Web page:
Friday, October 9, 2009

In this together

On the NY Times web site, a column from Roger Cohen of the International Herald Tribune succinctly frames the mindsets in favor of--and opposing--health care reform:

Whatever may be right, something is rotten in American medicine. It should be fixed. But fixing it requires the acknowledgment that, when it comes to health, we’re all in this together. Pooling the risk between everybody is the most efficient way to forge a healthier society.

Europeans have no problem with this moral commitment. But Americans hear “pooled risk” and think, “Hey, somebody’s freeloading on my hard work.”

I am witness to the fact that Americans can embrace a "we're all in this together" philosophy and that such an approach can help lower the cost and spread the availability of health care. More than two decades ago I covered health and medicine in Rochester, New York. At the time Rochester had an impressive system that helped hold down health care costs, achieve better outcomes, and broaden the reach of health insurance across the population. I covered this system on an ongoing basis for the Rochester Democrat & Chronicle and later wrote about it for the Washington Monthly.

It was a complex system that centered on hospitals agreeing to accept essentially a yearly cap on their revenues, which was the focus of my Washington Monthly story. But another part of what made it work is that employers and insurers agreed to "community rating" -- which meant that the entire population, rather than each workplace or other sub-group, was considered one "risk pool." This raised the cost of insurance for the lowest-risk groups (the young and wealthy), but lowered it for those at highest risk, and contributed overall to a better quality of life where health care was concerned.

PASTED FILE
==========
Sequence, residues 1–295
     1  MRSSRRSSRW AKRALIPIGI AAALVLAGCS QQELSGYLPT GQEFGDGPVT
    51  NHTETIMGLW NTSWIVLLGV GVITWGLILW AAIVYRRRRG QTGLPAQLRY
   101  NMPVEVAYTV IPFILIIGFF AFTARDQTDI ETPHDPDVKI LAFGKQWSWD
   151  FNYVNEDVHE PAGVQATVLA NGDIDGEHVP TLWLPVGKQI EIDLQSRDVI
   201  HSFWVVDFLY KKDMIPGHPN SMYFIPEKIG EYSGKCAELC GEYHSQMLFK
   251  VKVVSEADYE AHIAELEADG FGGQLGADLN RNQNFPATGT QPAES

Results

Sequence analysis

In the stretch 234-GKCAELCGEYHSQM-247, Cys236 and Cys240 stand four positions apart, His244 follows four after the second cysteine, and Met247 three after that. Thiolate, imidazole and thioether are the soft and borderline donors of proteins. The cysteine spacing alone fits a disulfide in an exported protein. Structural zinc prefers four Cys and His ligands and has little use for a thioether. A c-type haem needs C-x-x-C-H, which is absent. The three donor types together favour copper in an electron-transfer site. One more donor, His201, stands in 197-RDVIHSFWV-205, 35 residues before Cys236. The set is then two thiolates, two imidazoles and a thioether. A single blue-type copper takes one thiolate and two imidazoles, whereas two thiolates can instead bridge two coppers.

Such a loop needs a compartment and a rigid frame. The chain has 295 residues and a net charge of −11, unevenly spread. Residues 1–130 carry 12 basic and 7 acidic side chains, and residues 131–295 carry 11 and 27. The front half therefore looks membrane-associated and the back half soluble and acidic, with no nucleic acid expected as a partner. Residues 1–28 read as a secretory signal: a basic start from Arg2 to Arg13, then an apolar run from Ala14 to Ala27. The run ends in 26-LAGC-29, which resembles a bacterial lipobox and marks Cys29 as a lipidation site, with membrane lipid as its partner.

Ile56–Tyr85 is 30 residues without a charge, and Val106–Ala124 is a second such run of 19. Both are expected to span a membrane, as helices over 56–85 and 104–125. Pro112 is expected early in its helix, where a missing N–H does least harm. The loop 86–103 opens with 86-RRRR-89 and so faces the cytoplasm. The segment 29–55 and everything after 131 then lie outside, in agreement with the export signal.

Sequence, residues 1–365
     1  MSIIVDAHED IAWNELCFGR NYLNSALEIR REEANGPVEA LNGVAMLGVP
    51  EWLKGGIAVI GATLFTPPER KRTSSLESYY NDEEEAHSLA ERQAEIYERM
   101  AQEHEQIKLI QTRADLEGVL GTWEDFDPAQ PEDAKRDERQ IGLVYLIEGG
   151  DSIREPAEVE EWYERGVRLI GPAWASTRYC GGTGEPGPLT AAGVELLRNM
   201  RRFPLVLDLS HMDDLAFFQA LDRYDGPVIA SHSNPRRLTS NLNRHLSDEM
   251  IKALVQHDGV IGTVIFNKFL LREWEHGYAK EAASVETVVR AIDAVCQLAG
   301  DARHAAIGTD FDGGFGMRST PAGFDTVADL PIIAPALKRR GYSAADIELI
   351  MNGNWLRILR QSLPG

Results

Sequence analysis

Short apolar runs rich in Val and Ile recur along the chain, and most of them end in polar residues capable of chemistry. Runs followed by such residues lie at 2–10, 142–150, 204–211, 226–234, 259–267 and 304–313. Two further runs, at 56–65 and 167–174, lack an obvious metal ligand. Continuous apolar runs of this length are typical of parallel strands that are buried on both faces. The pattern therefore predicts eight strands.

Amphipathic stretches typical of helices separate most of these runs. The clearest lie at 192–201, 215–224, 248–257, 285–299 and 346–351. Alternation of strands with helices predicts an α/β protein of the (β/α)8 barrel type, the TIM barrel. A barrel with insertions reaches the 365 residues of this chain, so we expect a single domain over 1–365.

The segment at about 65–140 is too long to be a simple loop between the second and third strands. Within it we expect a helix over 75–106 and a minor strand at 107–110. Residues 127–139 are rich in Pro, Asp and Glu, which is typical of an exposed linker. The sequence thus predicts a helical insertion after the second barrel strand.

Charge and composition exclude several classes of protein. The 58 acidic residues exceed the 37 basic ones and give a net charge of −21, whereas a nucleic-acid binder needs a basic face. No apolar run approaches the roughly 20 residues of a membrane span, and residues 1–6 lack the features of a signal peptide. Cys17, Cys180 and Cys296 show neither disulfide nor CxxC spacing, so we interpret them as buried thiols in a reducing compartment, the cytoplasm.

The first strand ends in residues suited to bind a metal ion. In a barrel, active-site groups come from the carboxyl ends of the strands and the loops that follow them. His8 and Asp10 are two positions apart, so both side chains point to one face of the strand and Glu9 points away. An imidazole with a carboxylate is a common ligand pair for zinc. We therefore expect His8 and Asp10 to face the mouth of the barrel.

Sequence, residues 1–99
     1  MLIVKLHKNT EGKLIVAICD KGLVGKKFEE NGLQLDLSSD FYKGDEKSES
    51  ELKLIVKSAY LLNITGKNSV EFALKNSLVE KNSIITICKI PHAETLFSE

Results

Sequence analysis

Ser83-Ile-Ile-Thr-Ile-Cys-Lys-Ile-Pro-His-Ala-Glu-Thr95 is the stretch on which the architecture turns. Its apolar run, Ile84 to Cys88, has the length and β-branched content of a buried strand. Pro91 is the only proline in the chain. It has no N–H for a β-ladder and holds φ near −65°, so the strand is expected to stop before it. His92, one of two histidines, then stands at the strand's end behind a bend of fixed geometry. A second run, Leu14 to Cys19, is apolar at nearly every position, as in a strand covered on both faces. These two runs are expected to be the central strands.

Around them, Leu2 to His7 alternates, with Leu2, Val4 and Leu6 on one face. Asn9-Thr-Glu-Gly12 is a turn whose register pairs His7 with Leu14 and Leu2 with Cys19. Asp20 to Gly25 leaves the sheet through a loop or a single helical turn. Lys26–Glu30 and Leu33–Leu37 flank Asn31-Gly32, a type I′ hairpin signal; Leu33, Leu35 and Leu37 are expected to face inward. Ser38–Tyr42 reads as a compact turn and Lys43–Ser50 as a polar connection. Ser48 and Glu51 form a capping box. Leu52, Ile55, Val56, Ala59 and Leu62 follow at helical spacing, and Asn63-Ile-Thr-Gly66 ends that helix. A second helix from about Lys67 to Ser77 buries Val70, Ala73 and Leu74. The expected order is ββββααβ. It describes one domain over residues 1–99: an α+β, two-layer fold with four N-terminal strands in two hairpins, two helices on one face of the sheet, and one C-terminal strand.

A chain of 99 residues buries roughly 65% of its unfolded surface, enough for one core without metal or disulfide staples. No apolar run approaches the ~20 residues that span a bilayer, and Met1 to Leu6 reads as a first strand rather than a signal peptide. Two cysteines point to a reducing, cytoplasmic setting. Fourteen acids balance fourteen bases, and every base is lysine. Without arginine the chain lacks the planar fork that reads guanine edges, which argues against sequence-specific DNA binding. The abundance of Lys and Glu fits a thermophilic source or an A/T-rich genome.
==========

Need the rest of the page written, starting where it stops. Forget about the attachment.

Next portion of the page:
I haven't been back to Rochester in many years and I've heard second-hand this progressive system is no longer in place. (That's an unfortunate contrast to predictions people made when I wrote about it that it would become a national model.) I'm not sure why it was dissolved, and I do plan to look into that question some time, but based on how it was working when I was there, all I can say is, more's the pity.

1 comment:

  1. I think it fell apart because as the dominant paternalistic employers like Kodak, Xerox, Bausch & Lomb and GM fell into decline, they lost the collective economic clout (through their pooled health insurance purchasing power) to force the providers to continue to accept pricing based on community rating and capitation. I think it used to be the case that a hospital or practice that didn't sign up for the price cap wouldn't be included in the big employers' approved provider lists. As you may know, Genesee Hospital closed down in 2001 for financial reasons. I don't know exactly when the old arrangements broke down, but that too may have shifted negotiating power and posed an unsustainable disruption to the delicate balance of the system.


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